While they may seem impractical, items such as designer bags, fine art, and jewellery can actually serve as good investments. Luxurious objects are often rare and are therefore highly sought by niche markets. More insights from Independent.ie:
Back in the early 1980s, the actress Jane Birkin was on a flight to London when she spilled the contents of her handbag. As she gathered her belongings, the passenger in the next seat suggested that she should have a bag with pockets.
She replied, presumably with gritted teeth, that when Hermès made a bag with pockets, she’d have that one. The man then announced himself as Jean-Louis Dumas, creative director of Hermès and the pair spent the rest of the flight designing Birkin’s ideal handbag.
According to Caitlin Donovan, handbag specialist at Christie’s in New York, the original design was sketched on the back of a sick bag.
Now, the Hermès Birkin holds the record for the most expensive handbag ever sold at auction. This May, a matte-white crocodile skin Birkin 30 with 18k white gold and diamond hardware sold for HKD 2,940,000 (€318,497) at Christie’s, Hong Kong. On November 29, the same auction house is selling another, similarly diamond-encrusted crocodile skin Hermès Birkin handbag (est €162,910 to €217,213).
Handbags can be a serious investment. In January 2016, the online marketplace Baghunter published a study compared three different types of investments: the S&P 500 (an index that reflects the stock market); gold; and Hermès Birkin handbags. The research concluded that the handbags are by far the safest investment of the three as they’re not subject to fluctuations in the market.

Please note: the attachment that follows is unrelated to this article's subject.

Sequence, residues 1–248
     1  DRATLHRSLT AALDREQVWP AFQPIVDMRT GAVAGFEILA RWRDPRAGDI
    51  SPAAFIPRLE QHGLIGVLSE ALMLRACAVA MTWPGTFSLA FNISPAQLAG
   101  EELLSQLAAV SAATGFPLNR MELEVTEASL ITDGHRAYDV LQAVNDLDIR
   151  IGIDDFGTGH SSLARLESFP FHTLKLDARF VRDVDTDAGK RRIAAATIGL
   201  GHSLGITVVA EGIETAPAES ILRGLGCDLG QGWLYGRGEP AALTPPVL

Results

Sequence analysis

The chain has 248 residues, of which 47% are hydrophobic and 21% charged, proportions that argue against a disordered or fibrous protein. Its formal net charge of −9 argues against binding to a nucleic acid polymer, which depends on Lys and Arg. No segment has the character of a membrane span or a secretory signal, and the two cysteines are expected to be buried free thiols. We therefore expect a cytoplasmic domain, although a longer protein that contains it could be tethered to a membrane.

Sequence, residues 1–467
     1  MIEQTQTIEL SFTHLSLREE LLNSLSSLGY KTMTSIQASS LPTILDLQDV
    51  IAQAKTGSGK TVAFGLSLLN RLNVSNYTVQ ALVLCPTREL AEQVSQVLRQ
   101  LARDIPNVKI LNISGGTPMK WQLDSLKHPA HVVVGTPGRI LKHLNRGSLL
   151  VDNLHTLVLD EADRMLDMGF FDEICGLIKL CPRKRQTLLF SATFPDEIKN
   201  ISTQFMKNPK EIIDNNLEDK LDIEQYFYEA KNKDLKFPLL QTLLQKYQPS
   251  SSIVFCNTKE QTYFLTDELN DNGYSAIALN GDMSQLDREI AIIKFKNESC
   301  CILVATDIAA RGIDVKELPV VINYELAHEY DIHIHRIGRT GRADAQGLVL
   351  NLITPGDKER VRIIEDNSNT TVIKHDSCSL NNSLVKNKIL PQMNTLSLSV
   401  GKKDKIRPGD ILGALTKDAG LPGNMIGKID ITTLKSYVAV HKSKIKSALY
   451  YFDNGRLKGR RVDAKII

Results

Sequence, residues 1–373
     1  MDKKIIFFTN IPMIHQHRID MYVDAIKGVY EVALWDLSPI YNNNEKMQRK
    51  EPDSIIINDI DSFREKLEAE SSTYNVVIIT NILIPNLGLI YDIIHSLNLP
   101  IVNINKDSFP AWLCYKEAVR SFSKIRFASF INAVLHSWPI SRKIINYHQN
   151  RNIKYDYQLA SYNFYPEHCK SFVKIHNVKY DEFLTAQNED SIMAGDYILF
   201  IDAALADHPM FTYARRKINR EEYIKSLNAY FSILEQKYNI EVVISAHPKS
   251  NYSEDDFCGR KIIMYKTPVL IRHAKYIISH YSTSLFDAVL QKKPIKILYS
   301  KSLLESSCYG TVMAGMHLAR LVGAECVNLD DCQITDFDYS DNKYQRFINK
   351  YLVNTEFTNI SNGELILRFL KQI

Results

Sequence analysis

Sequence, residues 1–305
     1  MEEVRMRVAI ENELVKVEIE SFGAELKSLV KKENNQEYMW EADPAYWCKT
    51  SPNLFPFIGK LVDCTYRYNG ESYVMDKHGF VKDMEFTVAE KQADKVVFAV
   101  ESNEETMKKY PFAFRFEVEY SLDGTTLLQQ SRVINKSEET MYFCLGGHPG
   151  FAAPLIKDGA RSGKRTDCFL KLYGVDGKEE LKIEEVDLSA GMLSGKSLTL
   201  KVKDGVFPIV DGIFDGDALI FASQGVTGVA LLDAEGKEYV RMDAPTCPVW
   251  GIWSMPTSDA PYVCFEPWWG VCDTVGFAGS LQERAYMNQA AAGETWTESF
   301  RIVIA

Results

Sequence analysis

Successful investment in anything requires knowledge, skill, and a keen investor’s instinct. These qualities are rare. So are Hermès Birkin handbags. You can’t just rock up and buy one. Only a few are made each year and there’s a six-year waiting list. It also helps to be a valued Hermès customer.
“Connections must be made and brand loyalty displayed before a Birkin is offered,” wrote Colleen Kane in an article for Fortune on June 23, 2015. “Or, if you have double the retail price to burn, you can hire someone else to source a bag.”
Handbag collecting combines luxurious objects with glamour, exclusivity, and a cloak-and-dagger aspect. It’s all very exciting. According to Monika Arora, founder of the online handbag boutique PurseBop, every serious aficionado has a Holy Grail Handbag (HGB). If your objective is to make money, the Financial Times (November 17, 2016) concluded that the best investment handbag was the Chanel 2.55 Medium Classic Flap Bag, which rose in value by more than 230pc between 2004 and 2016.
Paddy Coughlan of Designer Exchange, a shop that both buys and sells designer handbags, agrees that the Chanel Flap is a good investment. “If you’d bought one for €1,800 12 years ago, it would now be worth around €4,480,” he says. “We’ve had people buy one and sell it back to us a few years later. We’ve actually paid them to use it!”
There are also good returns on older handbags. Coughlan recalls a young woman who recently brought her grandmother’s vintage handbags into the shop. The old lady knew that the handbags were valuable. She’d been given them by her husband, who was a diplomat, in 1968 and she’d kept them very carefully. Before she died, she showed her granddaughter the collection.
“I’d like you to have these,” she said. “But I know you’re not that keen on handbags. Keep them if you want to. If you don’t, they’ll help put you through college.”
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